Mustang6G.com has come up with what it claims is pricing info for the entire Mustang line, rather than just the V6. That means we know all about the EcoBoost and GT prices now, which, when combined with the dealer order sheets we reported on last week, gives us our clearest look yet at how the Mustang can be outfitted (we're still a bit short on pricing info for some standalone options, like paint premiums and such).
The base V6 wears the code-name 050A, while the base EcoBoost is 100A and the base GT is 300A. All prices include the $825 destination charge.
The base EcoBoost starts at $25,995, while the GT rings up at $32,925.
We already know the most basic, V6-powered Mustang, the 050A, starts at $24,425. The upgraded V6, which Ford identifies as 051A, costs $25,420 and adds 18-inch wheels, LED foglamps, a six-way power drivers seat and a body color spoiler.
The base EcoBoost starts at $25,995, while the GT rings up at $32,925 (a $1,715 increase). Regardless of engine, the Premium trims, code-named 200A and 400A, respectively, are virtually identical. They add selectable drive modes, a number of interior styling bits (ambient lighting, aluminum foot pedals, etc.), a nine-speaker stereo in place of the standard six-speaker setup and an eight-inch color display with MyFord Touch. Moving from the EcoBoost 100A to 200A drives the price up to $29,995, while upgrading the GT from 300A to 400A ups the ante to $36,925.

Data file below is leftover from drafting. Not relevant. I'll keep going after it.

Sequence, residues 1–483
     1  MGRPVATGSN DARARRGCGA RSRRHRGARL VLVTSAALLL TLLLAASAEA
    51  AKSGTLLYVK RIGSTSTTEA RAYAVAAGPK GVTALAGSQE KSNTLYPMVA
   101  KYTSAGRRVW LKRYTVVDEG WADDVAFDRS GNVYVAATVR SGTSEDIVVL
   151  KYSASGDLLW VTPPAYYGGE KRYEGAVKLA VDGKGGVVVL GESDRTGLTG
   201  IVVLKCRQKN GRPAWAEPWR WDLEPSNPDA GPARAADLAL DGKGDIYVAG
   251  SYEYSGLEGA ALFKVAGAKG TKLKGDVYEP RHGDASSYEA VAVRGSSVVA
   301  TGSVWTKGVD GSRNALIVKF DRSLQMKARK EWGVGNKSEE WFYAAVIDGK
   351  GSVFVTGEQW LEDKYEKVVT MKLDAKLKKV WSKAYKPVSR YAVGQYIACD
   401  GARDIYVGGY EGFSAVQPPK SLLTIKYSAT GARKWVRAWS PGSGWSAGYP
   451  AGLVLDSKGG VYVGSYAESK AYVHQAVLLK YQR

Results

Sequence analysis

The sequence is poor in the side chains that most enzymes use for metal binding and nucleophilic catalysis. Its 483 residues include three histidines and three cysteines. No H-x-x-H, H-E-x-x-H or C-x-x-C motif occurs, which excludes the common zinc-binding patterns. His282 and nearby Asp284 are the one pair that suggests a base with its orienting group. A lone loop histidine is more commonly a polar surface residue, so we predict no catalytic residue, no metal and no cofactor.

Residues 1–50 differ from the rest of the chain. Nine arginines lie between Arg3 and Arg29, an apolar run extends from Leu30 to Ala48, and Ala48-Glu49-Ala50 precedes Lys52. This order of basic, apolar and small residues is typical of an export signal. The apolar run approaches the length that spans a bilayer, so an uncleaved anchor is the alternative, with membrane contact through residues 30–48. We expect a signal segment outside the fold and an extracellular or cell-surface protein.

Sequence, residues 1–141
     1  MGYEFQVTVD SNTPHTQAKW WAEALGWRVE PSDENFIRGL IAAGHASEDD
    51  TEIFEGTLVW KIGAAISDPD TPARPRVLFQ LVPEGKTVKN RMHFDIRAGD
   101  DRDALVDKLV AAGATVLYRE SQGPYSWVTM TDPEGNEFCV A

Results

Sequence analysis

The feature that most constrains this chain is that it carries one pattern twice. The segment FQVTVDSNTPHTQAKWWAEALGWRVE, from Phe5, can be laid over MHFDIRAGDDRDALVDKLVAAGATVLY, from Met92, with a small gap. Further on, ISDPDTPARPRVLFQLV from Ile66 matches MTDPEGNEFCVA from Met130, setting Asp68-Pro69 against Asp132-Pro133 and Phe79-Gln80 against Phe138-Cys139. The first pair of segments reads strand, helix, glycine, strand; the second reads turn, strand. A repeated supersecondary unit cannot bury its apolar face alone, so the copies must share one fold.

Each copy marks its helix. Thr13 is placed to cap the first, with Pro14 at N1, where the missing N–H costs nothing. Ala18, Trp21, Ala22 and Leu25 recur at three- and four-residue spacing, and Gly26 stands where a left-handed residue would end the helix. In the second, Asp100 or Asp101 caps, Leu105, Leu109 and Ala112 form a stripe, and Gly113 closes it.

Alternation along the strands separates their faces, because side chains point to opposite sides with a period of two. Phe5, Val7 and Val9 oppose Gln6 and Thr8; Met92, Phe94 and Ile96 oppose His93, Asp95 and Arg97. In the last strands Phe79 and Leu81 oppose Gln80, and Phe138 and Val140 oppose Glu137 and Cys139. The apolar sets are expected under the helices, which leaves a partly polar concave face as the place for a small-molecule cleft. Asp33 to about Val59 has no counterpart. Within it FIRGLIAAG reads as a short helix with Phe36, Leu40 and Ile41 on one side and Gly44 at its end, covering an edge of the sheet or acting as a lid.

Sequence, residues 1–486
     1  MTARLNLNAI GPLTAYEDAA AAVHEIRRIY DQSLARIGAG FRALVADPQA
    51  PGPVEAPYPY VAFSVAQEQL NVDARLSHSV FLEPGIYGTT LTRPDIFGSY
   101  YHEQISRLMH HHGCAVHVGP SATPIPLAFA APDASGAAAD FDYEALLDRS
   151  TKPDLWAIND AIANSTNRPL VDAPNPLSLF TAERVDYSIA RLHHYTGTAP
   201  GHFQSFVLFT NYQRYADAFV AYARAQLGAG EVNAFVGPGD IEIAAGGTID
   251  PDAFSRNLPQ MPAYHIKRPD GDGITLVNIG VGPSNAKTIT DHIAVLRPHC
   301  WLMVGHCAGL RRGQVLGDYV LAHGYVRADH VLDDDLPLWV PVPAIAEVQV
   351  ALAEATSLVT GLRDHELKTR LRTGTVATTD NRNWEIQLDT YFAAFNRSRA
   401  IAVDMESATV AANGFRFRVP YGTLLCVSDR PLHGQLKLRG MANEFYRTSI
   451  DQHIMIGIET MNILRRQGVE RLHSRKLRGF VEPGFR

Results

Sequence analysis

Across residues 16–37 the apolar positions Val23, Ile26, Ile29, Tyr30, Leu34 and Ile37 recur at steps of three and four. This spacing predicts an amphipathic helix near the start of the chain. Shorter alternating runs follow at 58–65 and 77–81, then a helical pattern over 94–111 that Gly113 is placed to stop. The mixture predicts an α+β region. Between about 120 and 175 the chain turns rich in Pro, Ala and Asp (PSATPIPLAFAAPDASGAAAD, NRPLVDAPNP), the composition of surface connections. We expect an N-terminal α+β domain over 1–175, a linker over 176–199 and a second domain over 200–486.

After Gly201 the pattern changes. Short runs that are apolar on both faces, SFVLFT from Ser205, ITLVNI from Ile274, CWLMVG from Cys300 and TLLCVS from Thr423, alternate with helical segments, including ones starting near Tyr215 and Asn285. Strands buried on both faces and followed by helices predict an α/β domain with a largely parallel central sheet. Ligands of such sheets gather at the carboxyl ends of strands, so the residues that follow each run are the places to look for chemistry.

The Premium models themselves have an extra equipment pack, code-named 201A on the EcoBoost and 401A on the GT. Regardless of engine, this package adds a 12-speaker Shaker stereo, HD radio, memory seats with two settings and blind-spot monitoring. The EcoBoost 201A costs $31,790 while the GT 401A costs $38,720.
The GT Performance Pack, which adds a whole wealth of performance-oriented options including a strut-tower brace, a larger radiator, a stiffened suspension, six-piston Brembo brakes, 19-inch wheels and a 3.73 rear end, will cost $2,495 (identical to the 2014 GT Performance Pack's price). It's not entirely clear if the EcoBoost Performance Pack, which offers essentially the same options, is priced the similarly (although it seems reasonable to assume).
Other standalone options include navigation ($795), Recaro leather seats ($1,595, the same as 2014), an Enhanced Security Package ($395) and floormats ($85). The destination charge, which we included in all the prices above, is $825. Last, but certainly not least, the Fiftieth Anniversary Mustang GT will start at $46,995.
So, loyal readers, what do you think? Does this pricing strategy seem reasonable? Now that you know what each trim level costs, which would you choose? Have your say in Comments.
UPDATE: An earlier version of this story included GT Premium 400A pricing that did not include destination and delivery fees. The source story has been updated to reflect this omission, and we have followed suit by changing our text to reflect pricing of $36,925 instead of $36,100.